Judge dismisses charges against four of the Santa Cruz 11
“I’m so happy,” declared Grant Wilson at the Santa Cruz County Courthouse the morning of Wednesday, April 25.
Wilson and three co-defendants had just attended their second day of pre-trial hearings to face charges of trespassing, vandalism and felony conspiracy stemming from the Nov. 30, 2011 occupation of a vacant Downtown Santa Cruz bank. Santa Cruz Superior Court Judge Paul Burdick told a courtroom full of supporters and observers that he was dismissing all charges against Wilson and the three co-defendants, Franklin Alcantara, Edward Rector and Cameron Laurendau. Witnesses inside the courtroom say that Burdick told the prosecution, “you paint with too broad a brush,” and that insufficient evidence had been presented to show that any of the four had intended to “commit trespass by design.”
“It was spectacular,” Wilson said. “The judge said that the assistant DA had not shown any evidence that any of us had committed any vandalism, or that any of us had been there other than [for] a short period of time in daylight hours on Nov. 30, when the building was first occupied.”
Becky Johnson, another one of the 11 people charged by the Santa Cruz District Attorney in this case, was on the scene and observed the dismissal. “Pinch me—this must be a dream,” she told GT just minutes after the charges were dismissed. “I’ve been watching these courtrooms for years and I haven’t seen anything like this. I would call it justice.”
Johnson is scheduled for a preliminary hearing on May 29. “I’m anticipating a motion to dismiss my charges before that date,” she said. “That could happen in light of today’s findings.”
Jamyrson Pittori, the attorney representing co-defendent Rector, says there simply wasn’t a case against the individuals in question. “When my client happened upon the scene on Nov. 30, the doors [of the bank building] were wide open, there were about a hundred people milling about,” Pittori says. “There were two police officers standing on the lawn not saying anything to anybody. There was amplified music coming out of the building. Who wouldn’t be curious? It looked like a lawful community event.”
Assistant District Attorney Rebekah Young said in court that she plans to re-file charges against Alcantara and Laurendau.
“I don’t see why,” Alcantara said after the hearing. “It’s going to waste a whole lot of taxpayers dollars.” He added that he might pursue a counter-lawsuit against the Santa Cruz Police Department and District Attorney. “I feel I’ve been selectively prosecuted because I’ve been out there throughout the whole [Occupy] movement,” he said.
Johnson agrees. “This particular case was scapegoating a bunch of activists,” she says. In an early April interview, ADA Young offered GT a different view. “What the current defendants would like you to think is that they’ve been picked on, they’ve been chosen because they’re community activists,” she said. “Nothing could be further from the truth.”
During the recent pre-trial hearings, the ADA presented a new estimate of damage incurred during the three-day occupation of the building, which is leased by Wells Fargo. Originally pegged to be $30,000, the amount is now said to be $22,000.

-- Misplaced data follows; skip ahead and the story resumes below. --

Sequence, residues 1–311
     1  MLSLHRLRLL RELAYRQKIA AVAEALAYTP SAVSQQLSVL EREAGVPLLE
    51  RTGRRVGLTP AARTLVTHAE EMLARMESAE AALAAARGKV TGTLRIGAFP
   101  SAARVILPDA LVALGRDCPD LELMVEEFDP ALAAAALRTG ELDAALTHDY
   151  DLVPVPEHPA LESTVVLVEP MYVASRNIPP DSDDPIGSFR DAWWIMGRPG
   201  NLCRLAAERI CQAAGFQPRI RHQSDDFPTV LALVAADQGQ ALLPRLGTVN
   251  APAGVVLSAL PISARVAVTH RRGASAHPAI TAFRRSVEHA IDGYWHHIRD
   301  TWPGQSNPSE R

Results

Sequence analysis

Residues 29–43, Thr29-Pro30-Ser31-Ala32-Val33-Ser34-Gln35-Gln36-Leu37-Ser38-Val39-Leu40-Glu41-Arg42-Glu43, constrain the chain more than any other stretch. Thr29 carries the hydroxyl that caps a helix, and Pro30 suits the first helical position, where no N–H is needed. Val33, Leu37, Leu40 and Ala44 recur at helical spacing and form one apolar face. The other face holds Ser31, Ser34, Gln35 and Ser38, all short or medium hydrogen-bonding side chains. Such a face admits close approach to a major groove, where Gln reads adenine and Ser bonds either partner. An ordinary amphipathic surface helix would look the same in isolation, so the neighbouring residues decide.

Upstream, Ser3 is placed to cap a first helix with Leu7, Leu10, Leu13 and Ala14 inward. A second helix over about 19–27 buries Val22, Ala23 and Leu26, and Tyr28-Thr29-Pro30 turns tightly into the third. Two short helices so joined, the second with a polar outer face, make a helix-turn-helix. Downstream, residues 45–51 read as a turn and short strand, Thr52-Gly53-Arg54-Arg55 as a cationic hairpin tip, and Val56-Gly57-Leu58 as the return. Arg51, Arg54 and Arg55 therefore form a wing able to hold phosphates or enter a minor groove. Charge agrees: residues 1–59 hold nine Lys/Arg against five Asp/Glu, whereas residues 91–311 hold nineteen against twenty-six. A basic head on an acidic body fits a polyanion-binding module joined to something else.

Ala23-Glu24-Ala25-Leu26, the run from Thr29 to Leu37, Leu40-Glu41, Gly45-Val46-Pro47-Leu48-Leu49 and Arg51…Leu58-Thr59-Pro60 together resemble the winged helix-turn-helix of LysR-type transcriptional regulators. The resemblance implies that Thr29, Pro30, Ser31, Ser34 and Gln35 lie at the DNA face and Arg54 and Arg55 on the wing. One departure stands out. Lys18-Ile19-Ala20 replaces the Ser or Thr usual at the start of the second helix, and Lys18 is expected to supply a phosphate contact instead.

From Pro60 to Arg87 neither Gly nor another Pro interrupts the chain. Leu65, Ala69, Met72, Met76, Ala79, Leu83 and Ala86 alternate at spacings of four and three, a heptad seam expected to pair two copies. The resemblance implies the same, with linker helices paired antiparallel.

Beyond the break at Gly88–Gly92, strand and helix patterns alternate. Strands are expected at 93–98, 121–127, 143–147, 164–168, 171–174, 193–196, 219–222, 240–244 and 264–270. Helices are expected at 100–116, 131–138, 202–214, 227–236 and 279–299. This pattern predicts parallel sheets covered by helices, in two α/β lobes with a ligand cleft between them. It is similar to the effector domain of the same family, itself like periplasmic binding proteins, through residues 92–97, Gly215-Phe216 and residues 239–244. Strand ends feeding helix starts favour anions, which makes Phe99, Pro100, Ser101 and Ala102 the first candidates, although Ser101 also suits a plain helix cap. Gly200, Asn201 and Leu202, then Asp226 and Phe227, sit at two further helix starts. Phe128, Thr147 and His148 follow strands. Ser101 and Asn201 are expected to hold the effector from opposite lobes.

“I think Wells Fargo can absorb the $22,000,” said Pittori. “That would be a tax write off for them. But the thousands on top of thousands that we spend prosecuting innocent, curious people? There’s nowhere we can write that off.”
Judge Burdick also deemed testimony from David Gunter, the lead police investigator for the case, not to be credible after Gunter testified during one hearing that he hadn’t been at the occupied building on Dec. 2 and at a later hearing said he had.
For some of the co-defendants, the most unsettling thing about the case was the conspiracy charges.
“According to lawyers, conspiracy can have to do with anything before, during or after a supposed crime,” Wilson said. “If I meet with any of the other 11, it could be considered evidence that we were conspiring and committed a crime. It has a chilling and isolating influence.”
Pittori said that the ADA’s attempt to show conspiracy fell short. “The cases she did cite were murder cases where two co-defendants had active parts,” he said. ”You can’t stretch that to a trespass-vandalism case.”
According to ADA Young, the intent of the individual defendants is not what controls a charge. “Everyone could come back after the fact and say, ‘I just wanted to give my support,’” she told GT in April. “What the law looks at is the conduct. Did you trespass in that building? That’s the touchstone.”
Outside of the courthouse, Wilson seemed pleased but not ready to celebrate. “I’m in the clearing but there are still woods around,” he said. “There are other people who are innocent, being accused of serious crimes. I encourage people to sign the online ACLU petition to drop all the charges.” As of press time, more than 1,000 people had signed the petition, which is titled “ACLU Statement of Support” and is found online at santacruzeleven.org.
“I hope justice prevails and truth is exposed,” Wilson added soberly.
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